It's been five years now since I finished grad school, transitioning from a career in academic (psychology) research to user experience and product design. I’ve been chatting a lot recently to people making career changes to UX, so this is the first article in a series on launching your career. I’m assuming you are already coming with some background in UX-- a course at General Assembly or a graduate program-- and you’re wondering what’s next.
One of the keys to producing great work is to produce a lot of work. In order to produce a lot of work, you have to work quickly, which means being comfortable with your tools. This is easy to do, but tedious and the payoff seems unclear. Your tools are your method of expressing your ideas. If you can’t use your tools, you can’t express your ideas and you can’t make cool stuff. Even in intern-level candidates, I’m looking for some evidence of basic proficiency with a professional design tool. Good ideas are the most important thing, but ideas are worthless if you can’t execute on them.
Develop expertise in the Adobe programs at a minimum - Photoshop or Illustrator (ideally, both). Tutorials on Lynda.com are a great first step. My one critique with those is that the design projects are often less than engaging — you are creating things that feel rather dated. If you need a little eye candy, you can switch to Skillshare but the content is less comprehensive. (The instruction is also a mixed bag, but they’ve switched to a very inexpensive plan model so try a few things until you find a class you like.) Dedicate yourself, even to the seemingly useless things you think you’ll never use. The more skills in your toolbox, the more ability you have to pull ideas into your designs later.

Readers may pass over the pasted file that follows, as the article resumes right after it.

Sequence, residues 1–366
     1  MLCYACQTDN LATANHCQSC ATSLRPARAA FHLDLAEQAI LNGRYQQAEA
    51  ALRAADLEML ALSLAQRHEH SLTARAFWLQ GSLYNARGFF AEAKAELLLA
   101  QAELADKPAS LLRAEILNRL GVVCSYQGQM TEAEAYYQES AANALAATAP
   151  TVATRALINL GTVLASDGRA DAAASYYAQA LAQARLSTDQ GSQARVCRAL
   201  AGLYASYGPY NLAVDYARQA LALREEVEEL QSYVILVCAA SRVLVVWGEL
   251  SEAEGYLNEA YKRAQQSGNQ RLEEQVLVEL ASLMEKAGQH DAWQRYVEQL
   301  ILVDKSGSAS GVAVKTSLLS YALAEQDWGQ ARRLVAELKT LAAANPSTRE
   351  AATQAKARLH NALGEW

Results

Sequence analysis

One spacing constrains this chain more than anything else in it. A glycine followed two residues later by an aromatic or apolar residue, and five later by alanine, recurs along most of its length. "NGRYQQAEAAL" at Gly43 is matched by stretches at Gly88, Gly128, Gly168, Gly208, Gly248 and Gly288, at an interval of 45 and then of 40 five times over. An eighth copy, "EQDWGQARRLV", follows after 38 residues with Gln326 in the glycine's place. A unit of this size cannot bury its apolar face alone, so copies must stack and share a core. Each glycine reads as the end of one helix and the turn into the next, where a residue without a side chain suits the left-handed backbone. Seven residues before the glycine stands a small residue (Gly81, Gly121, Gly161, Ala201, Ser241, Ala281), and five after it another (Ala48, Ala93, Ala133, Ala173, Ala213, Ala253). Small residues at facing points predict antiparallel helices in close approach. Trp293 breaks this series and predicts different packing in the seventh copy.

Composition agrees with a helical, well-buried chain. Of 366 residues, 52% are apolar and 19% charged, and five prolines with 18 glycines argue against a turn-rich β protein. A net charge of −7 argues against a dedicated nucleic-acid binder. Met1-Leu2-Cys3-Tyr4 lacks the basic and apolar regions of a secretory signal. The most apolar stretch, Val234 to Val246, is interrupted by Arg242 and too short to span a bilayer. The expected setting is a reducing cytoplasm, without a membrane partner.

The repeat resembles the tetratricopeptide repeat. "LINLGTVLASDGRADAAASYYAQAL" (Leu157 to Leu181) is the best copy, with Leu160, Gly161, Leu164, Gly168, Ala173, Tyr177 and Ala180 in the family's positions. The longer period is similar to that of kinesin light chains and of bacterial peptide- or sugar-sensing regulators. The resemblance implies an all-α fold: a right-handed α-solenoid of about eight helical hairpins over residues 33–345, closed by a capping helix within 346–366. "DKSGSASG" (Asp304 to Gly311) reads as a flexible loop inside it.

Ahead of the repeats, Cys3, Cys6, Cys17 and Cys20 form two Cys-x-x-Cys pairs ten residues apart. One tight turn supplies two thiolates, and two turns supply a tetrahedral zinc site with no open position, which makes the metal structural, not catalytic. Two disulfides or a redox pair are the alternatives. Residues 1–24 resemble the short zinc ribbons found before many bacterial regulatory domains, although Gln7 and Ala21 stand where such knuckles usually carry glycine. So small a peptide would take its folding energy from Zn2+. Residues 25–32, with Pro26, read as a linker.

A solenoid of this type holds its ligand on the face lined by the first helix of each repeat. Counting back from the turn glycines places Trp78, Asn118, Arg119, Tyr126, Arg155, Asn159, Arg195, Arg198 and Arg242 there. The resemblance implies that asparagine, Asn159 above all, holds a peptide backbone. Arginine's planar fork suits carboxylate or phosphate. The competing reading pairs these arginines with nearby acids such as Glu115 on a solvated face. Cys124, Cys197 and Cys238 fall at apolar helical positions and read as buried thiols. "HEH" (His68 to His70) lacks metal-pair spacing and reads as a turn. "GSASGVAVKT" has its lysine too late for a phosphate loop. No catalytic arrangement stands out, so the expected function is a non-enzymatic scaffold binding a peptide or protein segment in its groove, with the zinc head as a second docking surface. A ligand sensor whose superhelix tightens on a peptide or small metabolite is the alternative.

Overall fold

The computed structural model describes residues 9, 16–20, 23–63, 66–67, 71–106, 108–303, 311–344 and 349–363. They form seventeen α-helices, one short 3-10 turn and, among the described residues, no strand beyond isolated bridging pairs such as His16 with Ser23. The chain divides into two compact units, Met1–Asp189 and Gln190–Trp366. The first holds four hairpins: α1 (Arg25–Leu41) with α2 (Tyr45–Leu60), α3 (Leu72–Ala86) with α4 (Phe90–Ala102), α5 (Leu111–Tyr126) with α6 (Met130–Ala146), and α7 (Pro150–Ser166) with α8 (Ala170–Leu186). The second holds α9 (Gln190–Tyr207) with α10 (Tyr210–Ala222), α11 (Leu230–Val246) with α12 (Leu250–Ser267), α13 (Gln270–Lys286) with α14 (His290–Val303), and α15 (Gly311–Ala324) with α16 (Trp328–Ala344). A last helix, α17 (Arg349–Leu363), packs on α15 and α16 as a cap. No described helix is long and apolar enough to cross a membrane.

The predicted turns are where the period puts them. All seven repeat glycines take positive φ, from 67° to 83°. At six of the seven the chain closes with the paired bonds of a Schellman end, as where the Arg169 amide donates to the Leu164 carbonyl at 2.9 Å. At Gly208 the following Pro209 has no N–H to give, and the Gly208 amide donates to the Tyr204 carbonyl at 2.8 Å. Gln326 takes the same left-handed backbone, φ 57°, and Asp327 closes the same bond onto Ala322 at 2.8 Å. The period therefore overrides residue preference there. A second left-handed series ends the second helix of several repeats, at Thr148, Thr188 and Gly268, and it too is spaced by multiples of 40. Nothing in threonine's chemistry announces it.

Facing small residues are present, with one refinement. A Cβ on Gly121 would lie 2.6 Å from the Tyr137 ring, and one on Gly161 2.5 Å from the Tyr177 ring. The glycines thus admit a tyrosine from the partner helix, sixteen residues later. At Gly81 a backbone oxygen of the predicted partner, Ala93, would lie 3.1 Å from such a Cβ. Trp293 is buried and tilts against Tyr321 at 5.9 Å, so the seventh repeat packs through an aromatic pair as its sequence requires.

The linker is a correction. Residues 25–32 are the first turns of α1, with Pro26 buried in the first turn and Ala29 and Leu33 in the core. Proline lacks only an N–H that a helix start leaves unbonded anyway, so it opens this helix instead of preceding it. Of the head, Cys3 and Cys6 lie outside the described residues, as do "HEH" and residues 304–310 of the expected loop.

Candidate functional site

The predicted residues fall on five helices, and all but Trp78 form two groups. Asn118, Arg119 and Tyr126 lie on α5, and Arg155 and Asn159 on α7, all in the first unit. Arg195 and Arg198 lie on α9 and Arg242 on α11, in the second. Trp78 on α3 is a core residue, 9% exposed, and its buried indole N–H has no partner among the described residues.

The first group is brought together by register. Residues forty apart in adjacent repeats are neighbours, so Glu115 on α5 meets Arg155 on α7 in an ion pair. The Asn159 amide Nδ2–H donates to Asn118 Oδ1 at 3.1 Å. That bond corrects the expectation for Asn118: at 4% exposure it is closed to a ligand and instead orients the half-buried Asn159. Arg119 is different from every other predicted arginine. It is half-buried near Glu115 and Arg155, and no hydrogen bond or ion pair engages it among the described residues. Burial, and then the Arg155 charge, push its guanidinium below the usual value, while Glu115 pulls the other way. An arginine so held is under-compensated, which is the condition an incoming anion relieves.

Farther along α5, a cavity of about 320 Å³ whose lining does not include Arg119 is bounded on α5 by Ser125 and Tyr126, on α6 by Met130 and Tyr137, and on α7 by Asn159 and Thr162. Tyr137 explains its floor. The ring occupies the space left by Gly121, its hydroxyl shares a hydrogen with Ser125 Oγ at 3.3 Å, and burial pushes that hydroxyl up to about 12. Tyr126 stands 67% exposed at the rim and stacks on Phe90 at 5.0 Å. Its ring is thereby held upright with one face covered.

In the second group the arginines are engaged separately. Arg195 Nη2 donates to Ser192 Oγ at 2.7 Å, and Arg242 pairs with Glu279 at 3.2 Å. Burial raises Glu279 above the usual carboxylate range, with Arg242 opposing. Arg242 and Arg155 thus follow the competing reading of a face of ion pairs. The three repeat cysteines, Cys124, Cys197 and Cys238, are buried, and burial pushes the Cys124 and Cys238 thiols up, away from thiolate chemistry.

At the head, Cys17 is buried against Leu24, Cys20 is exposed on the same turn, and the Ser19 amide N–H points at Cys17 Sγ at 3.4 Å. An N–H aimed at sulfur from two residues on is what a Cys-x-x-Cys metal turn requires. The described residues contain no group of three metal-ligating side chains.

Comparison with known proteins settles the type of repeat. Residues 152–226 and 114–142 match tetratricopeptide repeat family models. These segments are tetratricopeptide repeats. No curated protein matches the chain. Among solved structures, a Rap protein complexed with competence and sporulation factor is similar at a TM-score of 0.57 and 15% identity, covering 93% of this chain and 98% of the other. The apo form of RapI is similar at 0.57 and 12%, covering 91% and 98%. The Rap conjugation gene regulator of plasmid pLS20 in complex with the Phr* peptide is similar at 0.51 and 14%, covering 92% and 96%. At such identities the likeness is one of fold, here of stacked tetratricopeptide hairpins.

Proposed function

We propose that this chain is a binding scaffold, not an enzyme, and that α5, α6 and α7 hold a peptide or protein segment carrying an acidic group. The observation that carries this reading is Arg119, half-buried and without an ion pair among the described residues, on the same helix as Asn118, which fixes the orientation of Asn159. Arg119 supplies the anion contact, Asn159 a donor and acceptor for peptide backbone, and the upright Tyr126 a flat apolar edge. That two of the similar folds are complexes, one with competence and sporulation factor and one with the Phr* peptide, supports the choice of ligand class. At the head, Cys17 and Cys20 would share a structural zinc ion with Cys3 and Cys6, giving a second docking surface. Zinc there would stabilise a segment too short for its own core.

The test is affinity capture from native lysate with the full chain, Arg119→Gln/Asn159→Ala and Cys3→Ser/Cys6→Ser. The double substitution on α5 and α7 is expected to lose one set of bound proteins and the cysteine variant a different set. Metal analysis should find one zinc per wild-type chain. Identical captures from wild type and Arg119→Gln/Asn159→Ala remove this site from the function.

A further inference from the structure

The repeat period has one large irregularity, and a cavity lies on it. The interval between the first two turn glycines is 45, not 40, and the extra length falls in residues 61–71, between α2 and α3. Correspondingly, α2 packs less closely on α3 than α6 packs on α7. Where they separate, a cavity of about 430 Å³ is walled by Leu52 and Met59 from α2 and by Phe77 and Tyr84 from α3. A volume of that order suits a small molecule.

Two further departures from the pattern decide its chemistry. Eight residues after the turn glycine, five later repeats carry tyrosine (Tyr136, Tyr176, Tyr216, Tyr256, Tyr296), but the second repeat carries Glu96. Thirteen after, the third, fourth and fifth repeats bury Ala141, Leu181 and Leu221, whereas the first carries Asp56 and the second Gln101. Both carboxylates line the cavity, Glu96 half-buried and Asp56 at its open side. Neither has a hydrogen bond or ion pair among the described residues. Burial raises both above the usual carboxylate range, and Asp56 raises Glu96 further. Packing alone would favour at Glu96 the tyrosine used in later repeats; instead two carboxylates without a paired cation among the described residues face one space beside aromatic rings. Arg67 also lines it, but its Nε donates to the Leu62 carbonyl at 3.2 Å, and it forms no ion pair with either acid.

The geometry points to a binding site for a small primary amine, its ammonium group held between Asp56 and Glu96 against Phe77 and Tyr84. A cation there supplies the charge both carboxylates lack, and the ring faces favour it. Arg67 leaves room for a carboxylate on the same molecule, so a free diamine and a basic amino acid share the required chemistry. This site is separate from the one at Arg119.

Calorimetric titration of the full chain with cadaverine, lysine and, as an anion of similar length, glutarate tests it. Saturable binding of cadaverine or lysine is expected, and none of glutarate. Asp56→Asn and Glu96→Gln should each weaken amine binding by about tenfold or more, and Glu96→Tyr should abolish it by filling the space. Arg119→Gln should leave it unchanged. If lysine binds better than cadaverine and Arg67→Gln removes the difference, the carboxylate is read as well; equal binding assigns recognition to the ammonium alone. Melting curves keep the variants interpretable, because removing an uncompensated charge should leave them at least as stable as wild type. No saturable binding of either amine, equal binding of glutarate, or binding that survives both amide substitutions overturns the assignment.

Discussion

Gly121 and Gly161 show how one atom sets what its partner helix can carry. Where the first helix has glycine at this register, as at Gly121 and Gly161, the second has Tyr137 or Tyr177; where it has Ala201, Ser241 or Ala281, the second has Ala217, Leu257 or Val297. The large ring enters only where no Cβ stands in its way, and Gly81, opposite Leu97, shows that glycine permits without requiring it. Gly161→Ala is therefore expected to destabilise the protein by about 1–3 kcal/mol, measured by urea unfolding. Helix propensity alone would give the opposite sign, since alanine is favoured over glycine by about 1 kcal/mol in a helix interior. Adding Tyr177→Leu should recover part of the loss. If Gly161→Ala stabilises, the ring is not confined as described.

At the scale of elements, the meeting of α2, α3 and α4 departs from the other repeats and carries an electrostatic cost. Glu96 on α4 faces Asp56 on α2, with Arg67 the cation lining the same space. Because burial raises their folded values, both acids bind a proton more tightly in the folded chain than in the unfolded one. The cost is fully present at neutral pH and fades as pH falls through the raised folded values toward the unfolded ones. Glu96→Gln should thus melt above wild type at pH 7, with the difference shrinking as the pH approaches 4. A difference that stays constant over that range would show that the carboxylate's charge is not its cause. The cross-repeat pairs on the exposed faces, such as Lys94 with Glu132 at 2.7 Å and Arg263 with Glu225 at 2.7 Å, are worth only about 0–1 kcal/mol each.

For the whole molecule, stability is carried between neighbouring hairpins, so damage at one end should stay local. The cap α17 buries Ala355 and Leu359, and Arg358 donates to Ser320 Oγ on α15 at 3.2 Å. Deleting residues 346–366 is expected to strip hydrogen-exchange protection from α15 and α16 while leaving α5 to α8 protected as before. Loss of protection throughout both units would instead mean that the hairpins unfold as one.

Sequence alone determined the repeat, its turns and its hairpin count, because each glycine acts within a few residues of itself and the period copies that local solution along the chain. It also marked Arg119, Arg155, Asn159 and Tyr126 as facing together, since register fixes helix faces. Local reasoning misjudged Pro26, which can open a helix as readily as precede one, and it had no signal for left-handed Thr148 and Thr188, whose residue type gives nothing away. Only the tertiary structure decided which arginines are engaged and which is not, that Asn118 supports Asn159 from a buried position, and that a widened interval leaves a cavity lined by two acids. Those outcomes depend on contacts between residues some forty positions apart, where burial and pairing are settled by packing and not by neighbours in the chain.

I recommend starting with Adobe tools because you’re looking to build a solid, marketable foundation and Adobe tools are the most common. Branch out from there into Sketch app, Omnigraffle, Axure or the tool of the moment that tickles your fancy. Branching out also leads to new ideas you bring back to your main program. I use Fireworks, mainly, but teaching myself Illustrator and using that for a while really upped my Fireworks game.
One of my favorite books on creativity is Twila Tharp’s The Creative Habit: “Skill is how you close the gap between what you can see in your mind’s eye and what you can produce; the more skill you have, the sophisticated and accomplished your ideas can be.” Take the time as you are launching your career to create a foundational skill set.